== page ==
East Riding Archives service launches new digital archive site packed with historic records

East Riding Archives – responsible for safeguarding and making available the documentary heritage of the East Riding of Yorkshire – has just selected an automated digital archiving solution called Preservica, and launched a new site, offering access to a new public digital archive.

By Phil Hutchinson
Wednesday, 25th May 2022, 11:08 am
Updated Wednesday, 25th May 2022, 11:13 am
East Riding Archives – responsible for safeguarding and making available the documentary heritage of the East Riding of Yorkshire – has just selected an automated digital archiving solution called Preservica, and launched a new site, offering access to a new public digital archive.
East Riding Archives – responsible for safeguarding and making available the documentary heritage of the East Riding of Yorkshire – has just selected an automated digital archiving solution called Preservica, and launched a new site, offering access to a new public digital archive.

The archives service oversees a vast collection of records dating from 1185 right up to the present day.

With over 400,000 historic items, most of the archive is based on paper, parchment, and other traditional methods of manuscript recording, but over the past 25 years or so, the way that society records information has changed dramatically.

Preservica can actively curate incoming digital items by converting them into the most suitable file formats for preservation.

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It also comes with online access that links to the archive catalogue which allows local history researchers to access this information easily from their homes, for free.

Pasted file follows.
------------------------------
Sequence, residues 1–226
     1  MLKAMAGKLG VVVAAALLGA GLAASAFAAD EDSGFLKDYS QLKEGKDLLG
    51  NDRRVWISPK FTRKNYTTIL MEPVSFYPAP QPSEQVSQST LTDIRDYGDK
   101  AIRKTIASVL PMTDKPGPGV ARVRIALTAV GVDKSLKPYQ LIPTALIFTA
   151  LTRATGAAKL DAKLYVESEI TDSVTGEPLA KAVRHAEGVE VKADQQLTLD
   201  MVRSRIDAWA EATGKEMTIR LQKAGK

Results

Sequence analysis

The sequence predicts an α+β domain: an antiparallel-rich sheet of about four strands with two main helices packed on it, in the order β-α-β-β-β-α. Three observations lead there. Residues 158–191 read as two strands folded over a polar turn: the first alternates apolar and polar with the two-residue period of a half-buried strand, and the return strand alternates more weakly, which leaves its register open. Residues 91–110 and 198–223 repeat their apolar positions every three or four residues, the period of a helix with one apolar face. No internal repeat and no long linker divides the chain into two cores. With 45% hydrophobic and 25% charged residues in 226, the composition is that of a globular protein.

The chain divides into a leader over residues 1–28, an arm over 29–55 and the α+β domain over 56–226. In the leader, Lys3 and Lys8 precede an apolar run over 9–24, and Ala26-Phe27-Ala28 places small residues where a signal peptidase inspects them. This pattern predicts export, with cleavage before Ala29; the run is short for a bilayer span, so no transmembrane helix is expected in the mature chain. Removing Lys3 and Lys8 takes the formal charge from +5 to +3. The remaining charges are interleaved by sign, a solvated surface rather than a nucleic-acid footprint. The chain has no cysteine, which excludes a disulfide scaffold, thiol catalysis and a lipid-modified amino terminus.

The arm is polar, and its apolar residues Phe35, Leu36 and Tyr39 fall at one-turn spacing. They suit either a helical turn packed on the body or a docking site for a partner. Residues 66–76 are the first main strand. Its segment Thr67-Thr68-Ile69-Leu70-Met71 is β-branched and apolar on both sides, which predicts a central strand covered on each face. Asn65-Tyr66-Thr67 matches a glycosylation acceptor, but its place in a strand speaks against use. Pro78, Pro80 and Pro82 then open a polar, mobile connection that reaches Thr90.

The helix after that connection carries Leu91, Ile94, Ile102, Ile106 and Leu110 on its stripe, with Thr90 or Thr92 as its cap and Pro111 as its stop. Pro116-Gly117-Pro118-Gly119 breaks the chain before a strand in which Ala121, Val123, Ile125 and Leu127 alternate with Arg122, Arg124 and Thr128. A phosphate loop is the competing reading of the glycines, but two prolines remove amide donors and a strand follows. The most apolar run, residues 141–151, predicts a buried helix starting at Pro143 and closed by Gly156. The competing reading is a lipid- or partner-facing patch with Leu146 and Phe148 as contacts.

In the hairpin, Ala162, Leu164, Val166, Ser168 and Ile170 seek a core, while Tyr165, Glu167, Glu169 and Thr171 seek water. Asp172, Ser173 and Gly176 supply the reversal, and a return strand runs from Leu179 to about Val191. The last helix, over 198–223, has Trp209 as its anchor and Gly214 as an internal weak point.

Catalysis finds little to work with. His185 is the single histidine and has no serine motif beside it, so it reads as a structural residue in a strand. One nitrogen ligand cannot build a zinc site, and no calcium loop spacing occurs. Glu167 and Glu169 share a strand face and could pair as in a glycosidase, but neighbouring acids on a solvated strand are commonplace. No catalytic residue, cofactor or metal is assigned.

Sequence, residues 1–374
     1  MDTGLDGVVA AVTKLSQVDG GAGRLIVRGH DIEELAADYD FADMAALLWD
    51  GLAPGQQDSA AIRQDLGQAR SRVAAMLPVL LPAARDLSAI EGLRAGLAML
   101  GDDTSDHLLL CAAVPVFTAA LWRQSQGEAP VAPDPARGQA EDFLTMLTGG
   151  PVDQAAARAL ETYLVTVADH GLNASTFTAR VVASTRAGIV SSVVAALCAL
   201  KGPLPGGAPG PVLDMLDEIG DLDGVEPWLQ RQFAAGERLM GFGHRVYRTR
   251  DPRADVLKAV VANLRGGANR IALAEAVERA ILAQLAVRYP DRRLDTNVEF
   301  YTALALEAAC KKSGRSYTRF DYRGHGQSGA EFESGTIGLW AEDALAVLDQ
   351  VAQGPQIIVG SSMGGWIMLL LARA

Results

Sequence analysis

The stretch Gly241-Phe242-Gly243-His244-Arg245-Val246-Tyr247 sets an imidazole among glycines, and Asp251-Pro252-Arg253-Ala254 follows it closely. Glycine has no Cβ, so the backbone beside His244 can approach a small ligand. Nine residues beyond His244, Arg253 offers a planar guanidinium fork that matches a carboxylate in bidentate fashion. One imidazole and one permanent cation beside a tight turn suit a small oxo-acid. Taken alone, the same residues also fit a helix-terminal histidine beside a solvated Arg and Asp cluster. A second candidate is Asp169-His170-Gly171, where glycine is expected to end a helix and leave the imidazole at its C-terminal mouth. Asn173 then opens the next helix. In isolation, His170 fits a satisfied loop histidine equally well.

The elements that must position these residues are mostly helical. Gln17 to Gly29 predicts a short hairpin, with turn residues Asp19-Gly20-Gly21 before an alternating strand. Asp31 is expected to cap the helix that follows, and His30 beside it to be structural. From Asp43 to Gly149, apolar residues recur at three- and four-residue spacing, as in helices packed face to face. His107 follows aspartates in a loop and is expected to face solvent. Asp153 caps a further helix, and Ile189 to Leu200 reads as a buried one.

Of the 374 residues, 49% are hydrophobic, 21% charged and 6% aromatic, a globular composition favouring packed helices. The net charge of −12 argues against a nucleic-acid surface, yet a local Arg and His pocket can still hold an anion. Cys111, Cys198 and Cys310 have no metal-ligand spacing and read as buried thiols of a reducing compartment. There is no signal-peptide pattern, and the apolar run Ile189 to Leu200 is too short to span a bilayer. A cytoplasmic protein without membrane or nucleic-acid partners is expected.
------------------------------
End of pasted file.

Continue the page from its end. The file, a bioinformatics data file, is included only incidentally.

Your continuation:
Sam Bartle, East Riding archivist, said: “Preservica is the leading solution in digital archive preservation and has been adopted worldwide by prestigious organisations such as Yale University, HSBC, The National Archives, BT, and Transport For London.

“Now, East Riding Archives is proud to announce itself as the first local authority archives in Yorkshire to launch its public interface through Preservica.”

Councillor Mike Medini, portfolio holder for cultural and leisure assets, added: “The database will transform the archive service’s ability to preserve digital archives to international standards, giving users access to a limited range of so-called ‘born’ digital material online for the first time. Without systems like Preservica, there’s a real danger that the data we store away in our vaults for posterity will become obsolete and unreadable over very long periods of time, resulting in a digital ‘Black Hole’ in the story of our society.”